August 28, 2011 |
ATLANTIC CITY - In a town where high-stakes bets are a way of life, even gamblers and good timers were thinking twice Friday as Hurricane Irene aimed at the Jersey Shore. If predictions of tidal surges and winds exceeding 100 m.p.h. didn't scare them off, the sight of a fortune teller boarding up her shop might have. "The storm is coming, and Atlantic City is going to get hit hard," proclaimed psychic Chanel Mitchell, who for $50 will tell you what will happen tomorrow. "God is mad. " The question of whether to stay or go hung over the seaside city of 40,000 residents with the haze that drifted off the ocean ahead of the storm.
August 25, 2011 |
HATTERAS, N.C. - Hurricane Irene could hit anywhere from North Carolina to New York this weekend, leaving officials in the path of uncertainty to make a delicate decision: Should they tell tourists to leave during one of the last weeks of the multibillion-dollar summer season? Most were in a wait-and-see mode, holding out to get every dime before the storm's path crystalizes. North Carolina's governor told reporters not to scare people away. "You will never endanger your tourists, but you also don't want to overinflate the sense of urgency about the storm.
August 15, 2011 |
INTERCOURSE, Pa. - Ben Riehl counts himself well-blessed to live and work on the farm. Lots of Amish can't. Large families and high land prices have forced many to labor as carpenters or in machine shops among the "English," as they refer to outsiders. Even Riehl supplements his dairy income as a solar-panel installer. Lately, Riehl has gone one step further. He has opened his Beacon Hollow Farm to overnight guests. From all over the world, tourists have found his picturesque, 80-acre farm through an Internet he doesn't use "because we don't have a computer in the house.
August 9, 2011 |
YOU LIVE in a city with some history under its belt, so it's bound to happen: Someone polite and suspiciously well dressed - possibly even a man who is not wearing a Phillies cap - asks if you could point him toward the Liberty Bell. Or you hit the crackpot tourist jackpot and someone asks after Ben Franklin's privy pit. This happened to me once, in Old City. And not to brag, but I totally knew where ye olde poop hole lay. (In Franklin Court. They have three.) Olde Philly landmarks are a cinch.
July 31, 2011 |
Reading Terminal Market has fed generations of Philadelphians, wowed countless tourists and conventioneers, and set the gold standard for public markets across the country. But the market's growing profile and increasing sales, swelled by the expanded Convention Center, have created a need for more space - a good problem to have if the market weren't landlocked. "We are maxed out on space," said longtime general manager Paul Steinke. After Labor Day, several tenants are moving to larger spaces within the market as part of a $3.5 million revitalization.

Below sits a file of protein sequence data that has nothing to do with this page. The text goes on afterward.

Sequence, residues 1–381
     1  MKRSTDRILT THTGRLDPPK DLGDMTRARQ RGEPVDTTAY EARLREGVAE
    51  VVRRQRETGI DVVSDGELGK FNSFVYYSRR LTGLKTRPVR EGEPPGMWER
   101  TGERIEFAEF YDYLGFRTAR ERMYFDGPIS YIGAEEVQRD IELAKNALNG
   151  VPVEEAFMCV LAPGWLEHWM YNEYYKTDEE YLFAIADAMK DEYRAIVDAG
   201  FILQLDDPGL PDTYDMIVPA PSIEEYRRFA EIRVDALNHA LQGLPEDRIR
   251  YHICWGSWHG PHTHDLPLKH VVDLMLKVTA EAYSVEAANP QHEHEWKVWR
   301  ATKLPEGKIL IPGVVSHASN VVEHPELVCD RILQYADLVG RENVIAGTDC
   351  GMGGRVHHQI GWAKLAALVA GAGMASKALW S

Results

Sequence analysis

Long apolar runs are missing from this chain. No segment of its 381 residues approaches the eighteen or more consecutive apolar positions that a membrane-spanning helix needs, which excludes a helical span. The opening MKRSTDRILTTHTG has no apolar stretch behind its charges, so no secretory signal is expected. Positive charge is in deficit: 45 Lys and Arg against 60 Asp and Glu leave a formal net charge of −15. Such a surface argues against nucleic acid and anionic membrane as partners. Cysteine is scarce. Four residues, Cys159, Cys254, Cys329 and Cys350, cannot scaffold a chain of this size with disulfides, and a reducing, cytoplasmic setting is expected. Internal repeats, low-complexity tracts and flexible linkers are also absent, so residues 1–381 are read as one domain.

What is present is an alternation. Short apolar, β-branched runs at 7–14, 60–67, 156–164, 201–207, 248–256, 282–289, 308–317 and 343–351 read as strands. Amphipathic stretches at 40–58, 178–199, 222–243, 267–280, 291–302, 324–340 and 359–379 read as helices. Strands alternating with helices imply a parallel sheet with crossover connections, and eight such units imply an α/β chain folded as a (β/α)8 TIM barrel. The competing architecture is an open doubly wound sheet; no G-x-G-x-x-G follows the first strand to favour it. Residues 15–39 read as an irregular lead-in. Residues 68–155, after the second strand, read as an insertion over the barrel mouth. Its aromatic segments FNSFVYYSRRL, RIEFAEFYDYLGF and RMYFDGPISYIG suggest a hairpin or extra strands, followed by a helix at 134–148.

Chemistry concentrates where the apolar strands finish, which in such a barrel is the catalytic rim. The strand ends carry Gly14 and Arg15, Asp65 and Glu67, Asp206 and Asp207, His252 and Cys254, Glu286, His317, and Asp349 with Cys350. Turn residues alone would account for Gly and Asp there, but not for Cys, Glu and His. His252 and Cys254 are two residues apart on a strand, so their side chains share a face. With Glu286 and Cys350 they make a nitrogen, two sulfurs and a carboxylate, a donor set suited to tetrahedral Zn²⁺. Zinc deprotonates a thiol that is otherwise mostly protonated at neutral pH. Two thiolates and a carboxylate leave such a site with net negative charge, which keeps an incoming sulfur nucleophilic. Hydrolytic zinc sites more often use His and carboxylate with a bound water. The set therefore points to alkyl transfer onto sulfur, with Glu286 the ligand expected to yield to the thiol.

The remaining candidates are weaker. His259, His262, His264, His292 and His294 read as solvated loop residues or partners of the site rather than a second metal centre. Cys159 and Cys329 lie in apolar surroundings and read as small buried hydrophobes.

July 28, 2011 |
SIOUX FALLS, S.D. - A mock Old West gunfight participant accused of wounding three South Dakota tourists by firing live ammo instead of blanks is facing a federal weapons charge. Paul Doering, 49, of Summerset, is charged with being a felon in possession of a firearm charge, Mark Salter, a U.S. Attorney's Office spokesman said yesterday. He said an indictment issued last week was sealed by the federal court. Three tourists were hit during the June 17 re-enactment staged by the Dakota Wild Bunch, who use blanks when they perform several times a week on a street in Hill City, a tourist town in South Dakota's Black Hills.
July 17, 2011 |
In January, antigovernment demonstrations erupted in Egypt and other African nations. As the world watched the young protesters take over Tahrir Square and clash with security forces, my three sisters and I watched our well-planned trip to the ancient wonders of the Nile evaporate. By February, the U.S. government had issued a travel advisory, and our British-based tour group started canceling tours. It appeared that our trip, planned for years, would have to wait. But in March, we got the go-ahead.
July 11, 2011 |
MOSCOW - A half-century-old tourist boat with 188 people on board listed and sank quickly in one of the world's largest reservoirs amid wind and rain yesterday, authorities and survivors said, and dozens of children were believed to be among the 101 people missing. Two bodies were recovered. About 30 children gathered in a cockpit in the double-decker Bulgaria moments before it sank into the reservoir on the Volga River, a survivor told the Interfax news agency. Russia's Vesti 24 television quoted another survivor as saying that the boat "tilted to the right and sank within minutes.